STERLING today rose with growing expectations that the United Kingdom and the European Union will announce a post-Brexit trade deal.
As agonizing talks persisted, with different deadlines having come and gone in recent weeks without agreement, the pound has been wildly churning in recent sessions.
The pound was trading about $1,3508 at 5 p.m., up from the close in London on Tuesday of $1,3339.
The pound remains far from the amount of about $1.50 it traded on June 23, 2016, prior to the results of the EU referendum.
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Sterling also gained ground against the euro, although at the close in London the single currency remained firmly above 90p. At 5 p.m., the euro traded at 90.29p, down almost 1p from Tuesday’s close of 91.24p.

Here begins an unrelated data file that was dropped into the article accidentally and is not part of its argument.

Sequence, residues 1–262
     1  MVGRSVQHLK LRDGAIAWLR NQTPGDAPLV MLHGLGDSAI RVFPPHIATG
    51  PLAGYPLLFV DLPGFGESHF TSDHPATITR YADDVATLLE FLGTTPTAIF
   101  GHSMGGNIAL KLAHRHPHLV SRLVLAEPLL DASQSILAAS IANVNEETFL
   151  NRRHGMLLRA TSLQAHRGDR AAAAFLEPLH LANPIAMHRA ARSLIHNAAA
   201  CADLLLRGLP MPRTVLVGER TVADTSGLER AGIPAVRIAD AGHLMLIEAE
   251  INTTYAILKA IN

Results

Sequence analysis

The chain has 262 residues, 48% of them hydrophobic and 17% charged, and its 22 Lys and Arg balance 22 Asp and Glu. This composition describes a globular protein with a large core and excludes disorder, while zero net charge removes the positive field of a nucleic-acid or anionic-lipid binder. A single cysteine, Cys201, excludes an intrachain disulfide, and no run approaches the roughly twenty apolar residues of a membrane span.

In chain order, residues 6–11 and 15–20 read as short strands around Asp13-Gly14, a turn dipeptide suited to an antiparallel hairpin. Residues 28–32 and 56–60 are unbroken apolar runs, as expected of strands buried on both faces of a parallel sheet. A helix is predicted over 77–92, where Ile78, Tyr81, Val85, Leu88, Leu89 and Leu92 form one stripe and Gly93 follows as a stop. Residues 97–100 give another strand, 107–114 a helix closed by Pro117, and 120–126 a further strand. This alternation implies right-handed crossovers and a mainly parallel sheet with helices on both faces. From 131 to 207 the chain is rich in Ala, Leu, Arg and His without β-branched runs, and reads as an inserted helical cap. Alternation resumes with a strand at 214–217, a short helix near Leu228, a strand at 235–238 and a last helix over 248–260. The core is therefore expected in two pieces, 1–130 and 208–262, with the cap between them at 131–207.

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The government of Boris Johnson is seeking to reach a relatively small deal with the EU on free trade. Although analysts have acknowledged that when the transition period expires Dec. 31, this will prevent the uncertainty of a no-deal departure from the European Single Market, such an arrangement is generally seen as a challenging Brexit.
Projections published by the government of Theresa May in November 2018 show that Brexit would result in UK GDP being 4.9 percent and 6.7 percent lower, respectively, over 15 years, on the basis of an average free trade agreement with the EU, than if the country had remained a member of the powerful bloc, under the respective assumptions of no change in migration rules or zero net immigration of workers
The corresponding consequences of a no-deal exit on the UK Under the “no change in migration rules” and “no net immigration” scenarios, GDP at the 15-year horizon will be 7.7 percent and 9.3 percent.
The free trade agreement with the USA sought by the Conservative government will raise British GDP by a maximum of 0.16 percent over a 15-year horizon, according to the Johnson administration’s own forecasts.